Updated October 2, 2017
The bridge is the place on the ship where the captain and his crew manage the direction and speed of the ship, as well as other functions of the vessel. The nautical term originated from the narrow, raised platform "bridging" the two sides of a large vessel that allowed a captain access to both sides while commanding the crew.
Modern cruise ships normally have a glass-enclosed bridge on an upper deck near the front of the ship giving the captain and crew a clear view forward. Enclosed or open-air wing-like extensions perch out over both sides, extending the crew's ability to see toward the rear of the ship and even downward to the water through windows in the floor of those "wings."
On the bridge, the crew will have paper nautical charts as well as computer equipment that controls and reports on the ship's mechanical, electronic and communication systems; its global position; and its route to the next destination. Steering capability is duplicated in several places, both mechanically and electronically, including in the wing extensions where the captain controls the vessel during docking, often with the aid of a pilot brought onboard from the port.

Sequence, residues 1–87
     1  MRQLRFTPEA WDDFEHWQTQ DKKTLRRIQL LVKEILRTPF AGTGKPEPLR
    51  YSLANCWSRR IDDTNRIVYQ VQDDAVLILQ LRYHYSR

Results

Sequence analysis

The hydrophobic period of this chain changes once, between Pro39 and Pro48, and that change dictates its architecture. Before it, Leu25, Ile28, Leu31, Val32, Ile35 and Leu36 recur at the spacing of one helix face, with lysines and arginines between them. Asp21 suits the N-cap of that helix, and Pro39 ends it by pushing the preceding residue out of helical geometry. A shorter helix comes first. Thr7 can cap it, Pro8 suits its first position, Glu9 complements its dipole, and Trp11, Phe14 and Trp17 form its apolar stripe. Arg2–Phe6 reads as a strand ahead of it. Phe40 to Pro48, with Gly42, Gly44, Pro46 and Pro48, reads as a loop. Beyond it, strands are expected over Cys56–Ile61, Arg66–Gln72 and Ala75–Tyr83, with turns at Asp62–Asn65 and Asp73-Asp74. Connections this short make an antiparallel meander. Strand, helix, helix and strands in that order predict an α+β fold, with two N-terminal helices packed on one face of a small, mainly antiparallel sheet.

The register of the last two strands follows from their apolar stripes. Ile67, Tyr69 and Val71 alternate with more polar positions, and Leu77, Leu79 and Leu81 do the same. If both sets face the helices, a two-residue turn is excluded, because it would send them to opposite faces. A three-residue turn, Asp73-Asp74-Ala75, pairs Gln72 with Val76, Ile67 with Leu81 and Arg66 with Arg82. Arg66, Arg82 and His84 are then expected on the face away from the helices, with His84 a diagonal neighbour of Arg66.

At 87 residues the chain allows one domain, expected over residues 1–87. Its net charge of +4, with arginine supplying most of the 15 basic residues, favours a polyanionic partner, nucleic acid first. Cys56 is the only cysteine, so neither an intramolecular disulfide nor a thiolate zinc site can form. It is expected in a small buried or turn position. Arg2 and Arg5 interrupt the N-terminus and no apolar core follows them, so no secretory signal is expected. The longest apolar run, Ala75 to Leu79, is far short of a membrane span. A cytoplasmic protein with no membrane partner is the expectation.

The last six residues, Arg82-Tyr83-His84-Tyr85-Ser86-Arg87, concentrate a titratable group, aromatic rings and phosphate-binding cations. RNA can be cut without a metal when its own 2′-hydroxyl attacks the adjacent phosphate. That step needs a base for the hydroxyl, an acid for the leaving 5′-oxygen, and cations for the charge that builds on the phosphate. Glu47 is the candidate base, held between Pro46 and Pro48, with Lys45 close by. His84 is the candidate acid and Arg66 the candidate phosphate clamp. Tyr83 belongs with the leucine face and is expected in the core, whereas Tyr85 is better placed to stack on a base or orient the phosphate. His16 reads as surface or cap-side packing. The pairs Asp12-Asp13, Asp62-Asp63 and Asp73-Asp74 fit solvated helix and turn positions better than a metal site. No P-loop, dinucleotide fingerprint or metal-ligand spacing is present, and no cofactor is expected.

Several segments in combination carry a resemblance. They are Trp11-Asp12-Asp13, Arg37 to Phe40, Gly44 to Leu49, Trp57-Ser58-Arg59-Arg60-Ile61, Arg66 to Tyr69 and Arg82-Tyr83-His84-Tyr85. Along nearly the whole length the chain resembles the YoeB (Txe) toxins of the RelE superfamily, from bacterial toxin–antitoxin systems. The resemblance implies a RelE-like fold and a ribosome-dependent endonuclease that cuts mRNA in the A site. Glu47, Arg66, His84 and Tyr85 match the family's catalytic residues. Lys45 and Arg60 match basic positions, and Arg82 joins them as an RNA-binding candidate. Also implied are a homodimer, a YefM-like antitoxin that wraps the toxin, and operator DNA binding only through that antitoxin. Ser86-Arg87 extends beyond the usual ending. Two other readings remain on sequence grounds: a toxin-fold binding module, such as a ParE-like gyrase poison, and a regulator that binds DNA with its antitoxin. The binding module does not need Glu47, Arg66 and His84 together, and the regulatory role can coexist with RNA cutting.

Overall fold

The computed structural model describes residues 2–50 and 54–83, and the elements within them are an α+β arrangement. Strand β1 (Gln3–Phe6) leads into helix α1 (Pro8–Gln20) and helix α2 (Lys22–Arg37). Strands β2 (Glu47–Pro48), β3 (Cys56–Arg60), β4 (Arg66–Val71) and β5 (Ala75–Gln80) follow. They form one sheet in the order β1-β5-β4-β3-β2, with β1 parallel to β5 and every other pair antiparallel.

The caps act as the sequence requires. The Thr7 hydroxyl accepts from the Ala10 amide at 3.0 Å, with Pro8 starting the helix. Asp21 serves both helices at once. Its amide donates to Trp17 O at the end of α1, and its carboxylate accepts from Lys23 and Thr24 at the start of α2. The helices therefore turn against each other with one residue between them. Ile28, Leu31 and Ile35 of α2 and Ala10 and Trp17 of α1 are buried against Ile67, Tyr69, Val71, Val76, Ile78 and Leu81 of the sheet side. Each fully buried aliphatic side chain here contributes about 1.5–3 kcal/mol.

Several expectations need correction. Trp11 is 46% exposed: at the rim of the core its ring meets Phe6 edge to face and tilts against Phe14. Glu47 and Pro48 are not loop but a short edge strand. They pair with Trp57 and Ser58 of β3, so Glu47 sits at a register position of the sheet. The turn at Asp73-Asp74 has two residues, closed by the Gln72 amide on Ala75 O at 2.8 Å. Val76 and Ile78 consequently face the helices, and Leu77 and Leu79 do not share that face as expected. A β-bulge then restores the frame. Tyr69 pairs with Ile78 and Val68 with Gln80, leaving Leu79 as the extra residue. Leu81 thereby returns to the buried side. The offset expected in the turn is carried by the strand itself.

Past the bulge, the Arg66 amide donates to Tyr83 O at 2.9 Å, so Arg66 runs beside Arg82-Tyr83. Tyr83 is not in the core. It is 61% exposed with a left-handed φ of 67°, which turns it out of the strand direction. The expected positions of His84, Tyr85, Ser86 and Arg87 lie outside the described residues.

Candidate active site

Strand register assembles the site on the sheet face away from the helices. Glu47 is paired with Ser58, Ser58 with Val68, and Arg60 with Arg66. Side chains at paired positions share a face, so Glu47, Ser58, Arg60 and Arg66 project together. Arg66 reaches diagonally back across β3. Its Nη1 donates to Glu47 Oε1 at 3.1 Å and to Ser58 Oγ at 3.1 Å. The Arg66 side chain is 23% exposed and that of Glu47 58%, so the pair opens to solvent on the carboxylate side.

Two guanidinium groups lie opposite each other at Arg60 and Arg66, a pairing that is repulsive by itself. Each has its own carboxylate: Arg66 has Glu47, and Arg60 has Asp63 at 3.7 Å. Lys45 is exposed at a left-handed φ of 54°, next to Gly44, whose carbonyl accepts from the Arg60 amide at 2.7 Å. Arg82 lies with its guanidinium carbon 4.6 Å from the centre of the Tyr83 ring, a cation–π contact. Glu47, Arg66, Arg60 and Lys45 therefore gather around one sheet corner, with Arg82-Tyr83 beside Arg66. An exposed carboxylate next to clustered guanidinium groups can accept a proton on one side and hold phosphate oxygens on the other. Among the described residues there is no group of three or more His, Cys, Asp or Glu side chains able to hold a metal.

Most cruise ship bridges are off limits to passengers, though some lines do offer bridge tours or visits as part of behind-the-scenes ship tours. Some cruise lines with smaller ships (such as Windstar and Star Clippers) have an open bridge policy, allowing passengers to stop by the bridge and chat with the officers whenever they like -- except during more intense maneuvering such as docking and during bad weather.